A newly discovered remote access trojan nicknamed tRAT has apparently attracted the interest of TA505, a cybercriminal group known for launching prolific banking malware and ransomware attacks.

In a company blog post yesterday, researchers at Proofpoint reported observing  several phishing campaigns in September and October that attempted to infect victims with the malware. One of these attacks was linked to TA505, which is most frequently affiliated with Dridex and Locky malware operations.

The TA505 campaign, which Proofpoint uncovered on Oct. 11, largely targeted customers of commercial banks, attempting to infect them via emails with attached Microsoft Word and Publisher files. Some emailed claimed to be from an invoicing department, while others reported to be from an individual named Vanessa Brito. The attachments were typically disguised as invoices or reports.

The attackers would attempt to trick people into enabling malicious macros within the attached documents, thereby downloading the RAT. Proofpoint describes tRAT is a Python-based modular malware that communicates with its C2 server via TCP port 80 (typically used for HTTP). The campaign’s end game remains somewhat of a mystery, as researchers have not yet been able to specifically observe any of tRAT’s modular payloads or ascertain their functionality.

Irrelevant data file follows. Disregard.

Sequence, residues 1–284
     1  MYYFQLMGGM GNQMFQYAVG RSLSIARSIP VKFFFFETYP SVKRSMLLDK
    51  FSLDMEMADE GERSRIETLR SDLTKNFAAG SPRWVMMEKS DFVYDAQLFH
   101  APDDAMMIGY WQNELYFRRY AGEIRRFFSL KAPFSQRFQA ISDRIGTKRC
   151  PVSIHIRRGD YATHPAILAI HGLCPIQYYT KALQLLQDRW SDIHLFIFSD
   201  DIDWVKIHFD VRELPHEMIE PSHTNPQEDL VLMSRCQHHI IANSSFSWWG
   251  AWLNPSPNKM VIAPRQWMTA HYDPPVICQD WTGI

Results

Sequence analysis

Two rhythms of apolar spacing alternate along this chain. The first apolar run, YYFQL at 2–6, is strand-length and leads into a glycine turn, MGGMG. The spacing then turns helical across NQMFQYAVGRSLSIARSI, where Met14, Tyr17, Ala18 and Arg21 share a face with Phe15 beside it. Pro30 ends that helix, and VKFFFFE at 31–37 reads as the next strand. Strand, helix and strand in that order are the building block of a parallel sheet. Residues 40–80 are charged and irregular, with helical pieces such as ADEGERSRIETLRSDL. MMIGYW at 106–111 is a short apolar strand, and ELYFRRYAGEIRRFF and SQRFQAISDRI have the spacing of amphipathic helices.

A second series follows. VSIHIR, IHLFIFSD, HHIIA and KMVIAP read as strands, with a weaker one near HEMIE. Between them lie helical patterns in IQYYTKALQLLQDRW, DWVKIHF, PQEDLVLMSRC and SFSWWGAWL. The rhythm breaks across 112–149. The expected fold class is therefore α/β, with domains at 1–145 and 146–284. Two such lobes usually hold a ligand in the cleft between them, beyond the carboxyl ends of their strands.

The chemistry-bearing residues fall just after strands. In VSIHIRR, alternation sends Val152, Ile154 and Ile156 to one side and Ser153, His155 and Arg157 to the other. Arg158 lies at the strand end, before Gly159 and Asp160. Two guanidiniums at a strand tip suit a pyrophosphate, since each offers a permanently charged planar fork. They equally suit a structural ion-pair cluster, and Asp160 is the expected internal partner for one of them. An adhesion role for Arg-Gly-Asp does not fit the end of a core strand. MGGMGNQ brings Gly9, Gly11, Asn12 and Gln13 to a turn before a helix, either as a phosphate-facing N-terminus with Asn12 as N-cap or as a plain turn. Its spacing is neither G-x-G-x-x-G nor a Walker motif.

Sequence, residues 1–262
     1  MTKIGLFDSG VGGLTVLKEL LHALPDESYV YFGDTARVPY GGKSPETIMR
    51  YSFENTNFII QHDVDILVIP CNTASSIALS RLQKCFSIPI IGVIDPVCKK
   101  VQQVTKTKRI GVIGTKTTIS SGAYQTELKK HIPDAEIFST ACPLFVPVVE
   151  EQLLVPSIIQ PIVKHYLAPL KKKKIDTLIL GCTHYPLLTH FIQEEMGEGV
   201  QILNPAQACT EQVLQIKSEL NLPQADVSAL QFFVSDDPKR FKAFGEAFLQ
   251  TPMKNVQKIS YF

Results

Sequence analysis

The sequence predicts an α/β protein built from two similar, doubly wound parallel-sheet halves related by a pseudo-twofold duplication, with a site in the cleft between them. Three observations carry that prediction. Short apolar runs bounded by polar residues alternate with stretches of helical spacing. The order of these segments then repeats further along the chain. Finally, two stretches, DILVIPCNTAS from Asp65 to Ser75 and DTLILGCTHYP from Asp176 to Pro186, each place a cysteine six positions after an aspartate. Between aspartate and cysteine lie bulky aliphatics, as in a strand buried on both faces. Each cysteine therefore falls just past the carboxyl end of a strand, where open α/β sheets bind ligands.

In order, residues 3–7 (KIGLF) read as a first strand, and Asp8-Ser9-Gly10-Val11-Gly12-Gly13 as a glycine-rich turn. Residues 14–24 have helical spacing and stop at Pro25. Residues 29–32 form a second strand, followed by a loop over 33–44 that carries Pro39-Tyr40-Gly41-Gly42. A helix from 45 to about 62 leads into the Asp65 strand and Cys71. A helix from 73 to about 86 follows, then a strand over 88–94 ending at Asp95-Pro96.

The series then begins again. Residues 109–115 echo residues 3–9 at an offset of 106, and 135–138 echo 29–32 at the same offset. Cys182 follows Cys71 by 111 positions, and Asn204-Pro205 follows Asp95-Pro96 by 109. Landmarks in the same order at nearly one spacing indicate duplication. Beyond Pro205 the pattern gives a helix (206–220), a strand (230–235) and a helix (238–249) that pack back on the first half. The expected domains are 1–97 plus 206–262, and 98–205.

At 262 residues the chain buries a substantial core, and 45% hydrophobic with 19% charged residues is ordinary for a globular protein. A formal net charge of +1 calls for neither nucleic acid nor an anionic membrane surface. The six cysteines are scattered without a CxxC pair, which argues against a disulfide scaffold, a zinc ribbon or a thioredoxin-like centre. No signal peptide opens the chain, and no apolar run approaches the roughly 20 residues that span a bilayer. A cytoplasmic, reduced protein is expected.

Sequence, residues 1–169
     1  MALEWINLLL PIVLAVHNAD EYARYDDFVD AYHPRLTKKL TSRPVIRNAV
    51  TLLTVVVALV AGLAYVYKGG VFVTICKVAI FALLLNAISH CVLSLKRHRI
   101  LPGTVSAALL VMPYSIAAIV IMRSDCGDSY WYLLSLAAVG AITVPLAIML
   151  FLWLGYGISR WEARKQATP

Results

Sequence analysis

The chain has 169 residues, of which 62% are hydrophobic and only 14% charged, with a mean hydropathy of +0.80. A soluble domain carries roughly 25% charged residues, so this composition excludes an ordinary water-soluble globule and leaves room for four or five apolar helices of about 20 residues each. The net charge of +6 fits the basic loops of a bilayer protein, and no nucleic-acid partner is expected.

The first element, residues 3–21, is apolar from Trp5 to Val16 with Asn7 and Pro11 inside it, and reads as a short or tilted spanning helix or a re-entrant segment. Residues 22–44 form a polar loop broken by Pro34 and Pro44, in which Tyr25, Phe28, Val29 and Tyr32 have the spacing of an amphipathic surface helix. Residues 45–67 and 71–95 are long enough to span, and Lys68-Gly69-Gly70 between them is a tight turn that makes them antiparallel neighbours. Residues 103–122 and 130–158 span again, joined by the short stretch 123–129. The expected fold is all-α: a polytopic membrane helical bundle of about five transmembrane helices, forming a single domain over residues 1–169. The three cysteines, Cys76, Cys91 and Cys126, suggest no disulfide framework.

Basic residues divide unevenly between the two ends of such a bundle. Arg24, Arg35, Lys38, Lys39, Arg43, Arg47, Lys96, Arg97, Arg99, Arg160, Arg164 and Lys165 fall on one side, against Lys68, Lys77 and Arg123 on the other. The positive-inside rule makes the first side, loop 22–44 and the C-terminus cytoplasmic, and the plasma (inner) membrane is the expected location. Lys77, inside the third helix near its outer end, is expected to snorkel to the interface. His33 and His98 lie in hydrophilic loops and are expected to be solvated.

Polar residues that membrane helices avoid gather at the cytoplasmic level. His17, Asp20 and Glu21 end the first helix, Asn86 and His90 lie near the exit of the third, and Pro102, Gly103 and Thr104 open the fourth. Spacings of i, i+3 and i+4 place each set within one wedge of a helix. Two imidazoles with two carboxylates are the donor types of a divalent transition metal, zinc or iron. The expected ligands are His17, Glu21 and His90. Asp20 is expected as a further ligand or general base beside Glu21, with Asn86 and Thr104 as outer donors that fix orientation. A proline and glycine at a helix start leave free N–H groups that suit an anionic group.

“TA505, because of the volume, frequency, and sophistication of their campaigns, tends to move the needle on the email threat landscape,” Proofpoint explained in the blog post. “It is not unusual for the group to test new malware and never return to distributing it… However, we observe these new strains carefully, as they have also adopted new malware like Locky or less widely distributed malware like FlawedAmmyy at scale following similar tests.”

The Proofpoint post also noted that the RAT campaign is in keeping with a “broader shift towards loaders, stealers, and other malware designed to reside on devices and provide long-term returns on investment to threat actors.”

Prior to TA505’s operation, a less sophisticated tRAT campaign from a different actor was observed on Sept. 27. This scan also used Word documents with malicious macros, but in this case the emails impersonated Symantec’s Norton security brand, using subject lines like “I have securely shared file(s) with you.” A second wave of spam emails from the same actor on Sept. 29 reportedly used a TripAdvisor lure instead.